Although Planned Parenthood of the Heartland announced in January that it planned to close the Dubuque, Iowa, office, pro-life sidewalk counselors were overjoyed on Friday to read the sign in the window that read: “Our office is closed, effective April 28, 2016.”
The office did not perform surgical abortions but did provide medication abortions to the community of about 58,000.
“Rejoice with us for the lives of unborn children saved!” Iowa Right to Life said in a statement after the closure.
As with numerous other closures, Planned Parenthood, which styles itself a provider of “care no matter what,” emphasized it was closing its doors to preserve its bottom line.
“After assessing the shifting health care landscape, changing demographics, and the challenges of operating in areas with low patient volumes, we made the tough decision to close the Dubuque Health Center,” the group said in an announcement. “This change allows us to expand hours and see more patients in Cedar Rapids, where there is unmet demand due to lack of clinician hours.”
“While we regret making this change, we know it is a necessary step in order to continue our mission to provide, promote and protect reproductive and sexual health through health services, education and advocacy. Patients have been notified, and if they wish, they can receive a broader array of services at our health center in Cedar Rapids, where we have expanded hours to accommodate more patient,” Planned Parenthood said.
American Life League’s vice president, Jim Sedlak, remembers speaking to the county right to life group nine years ago.
“I told them at the time that they needed to protest outside Planned Parenthood at least once a week,” he said. “They told me they would do better than that. Over the last eight years, these dedicated pro-lifers were outside Planned Parenthood every hour it was open. And now...it’s closed for good.”
That aligns with advice that David Bereit, the founder of 40 Days for Life, once told young people who wanted to know how to end abortion.
Be loving and compassionate, he said.
“Your peaceful, loving presence out there flies in the face of all the stereotypes they want to throw onto us,” he added. “When you show them love instead of condemnation, when you show them peace and joy instead of anger and judgment, that will begin to break down the walls.”
Iowa Right to Life credited just such tactics with closing an office in Red Oak that performed webcam abortions. “Planned Parenthood shut down in Red Oak in large part because of the constant, prayerful presence outside their clinic,” the group said.
Upon hearing of the latest abortion facility shuttering, the Dubuque County Right to Life said that Planned Parenthood isn't the only group that will move its base of operations. “We will probably put our efforts in Cedar Rapids and will continue to spread the pro-life message,” said Executive Director Marian Bourek.
Ted Cruz confronted by mom who supports aborting disabled babies…just like hers
MARION, Indiana, May 3, 2016 (LifeSiteNews) – Senator Ted Cruz was met on the campaign trail by a mother who strongly opposed a state pro-life law that would have protected children with birth conditions – like her own.
Andrea DeBruler, a 41-year-old nurse, confronted the presidential hopeful in the city of Marion as Cruz campaigned with Gov. Mike Pence.
DeBruler first asked Cruz, then Pence, about House Bill 1337, which bans abortions performed due to the child's race, sex, or disability, such as Down syndome.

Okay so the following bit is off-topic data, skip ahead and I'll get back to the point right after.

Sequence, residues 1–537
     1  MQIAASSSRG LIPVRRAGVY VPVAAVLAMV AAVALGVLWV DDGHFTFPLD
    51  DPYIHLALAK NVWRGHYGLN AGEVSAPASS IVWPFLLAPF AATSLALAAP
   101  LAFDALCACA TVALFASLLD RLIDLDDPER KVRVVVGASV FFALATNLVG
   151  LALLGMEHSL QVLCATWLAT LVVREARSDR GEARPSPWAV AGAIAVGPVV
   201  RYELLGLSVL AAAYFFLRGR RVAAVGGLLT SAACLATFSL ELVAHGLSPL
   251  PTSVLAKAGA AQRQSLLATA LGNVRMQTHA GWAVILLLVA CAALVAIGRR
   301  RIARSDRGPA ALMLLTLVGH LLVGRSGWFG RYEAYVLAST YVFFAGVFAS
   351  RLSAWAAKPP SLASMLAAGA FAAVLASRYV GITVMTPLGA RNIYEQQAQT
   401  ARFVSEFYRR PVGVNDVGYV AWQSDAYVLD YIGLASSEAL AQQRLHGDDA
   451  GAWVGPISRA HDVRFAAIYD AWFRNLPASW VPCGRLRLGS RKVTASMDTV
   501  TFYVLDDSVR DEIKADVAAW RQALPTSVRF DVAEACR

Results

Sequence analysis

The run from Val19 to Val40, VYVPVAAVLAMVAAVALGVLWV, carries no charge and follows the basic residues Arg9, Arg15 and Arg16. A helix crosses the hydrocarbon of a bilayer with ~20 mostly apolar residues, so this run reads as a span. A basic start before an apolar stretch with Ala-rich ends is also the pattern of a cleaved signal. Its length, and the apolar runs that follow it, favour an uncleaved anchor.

DeBruler held up a picture of her daughter, Jania, who was born with cerebral palsy. “This was a choice,” she said.
She asked Sen. Cruz if he supported the bill, which made Indiana the second state in the nation to ban abortion for Down syndrome, after North Dakota.
“I'm not Governor Pence,” he replied. “But I'll tell you this: I believe in protecting human life.”
Pence, who endorsed Cruz in today's make-or-break Indiana primary, listened to her objections.
“I'm not here as a Republican, I'm not here as a Democrat. I'm here as a woman, a woman with choices, choices that you guys should not make,” DeBruler said.
After hearing that she felt many families lacked sufficient resources to care for children, especially in an area like Marion, Gov. Pence offered to connect her with social services.
“God bless her,” he said, looking at Jania's picture, “and God bless you.”
Though it may be unusual to encounter a woman arguing for the right to abort her own child, the governor handled it calmly. Pence had specifically reflected on “precious moments” he spent with “families of children with disabilities, especially those raising children with Down syndrome” when he signed the bill into law in March.
"We are truly thankful for the passage of this historic legislation by the Indiana House and applaud the new civil rights protections this bill creates for unborn children, as well as the new provisions this bill establishes for the humane final disposition of aborted babies," Indiana Right to Life President Mike Fichter said at the time.
DeBruler told the UK media outlet The Independent that H.B. 1337 “means you can no longer have an abortion based on deformity. I’m against this law, because I think it should be a woman’s choice” to abort for any reason.
Congressional Democrats made similar statements during hearings last month for Rep. Trent Franks' federal Prenatal Nondiscrimination Act (PRENDA), with Congressman John Conyers saying the bill is “patently unconstitutional,” because a woman has the right to abort a child before viability for any reason.
Both leading contenders for the Democratic nomination expressed their displeasure with the law, which protects unborn children from racial or sexual discrimination, as well as discrimination on the basis of an inborn trait like mental capacity.
When Gov. Pence signed the law, Sen. Bernie Sanders tweeted:
The decision to have an abortion is for a woman to make, not the Governor of Indiana. https://t.co/1VOroXS2br— Bernie Sanders (@BernieSanders) March 24, 2016
Hillary Clinton later said, “I commend the women of this state, young and old, for standing up against this governor and this legislature.”
DeBruler told The Independent, despite her comment about not being a Democrat or a Republican, she is in fact a Democrat and will vote for Hillary Clinton in today's primary.
The moral challenge to Cardinal Wuerl in pending Notre Dame outrage
May 3, 2016 (CatholicCulture) -- In 2009, when the University of Notre Dame invited President Barack Obama to deliver a commencement address, dozens of American bishops lodged loud public protests. Yet this year, as Notre Dame prepares to confer an even greater honor on Vice President Joe Biden (together with former House Speaker John Boehner), the silence from the hierarchy is deafening.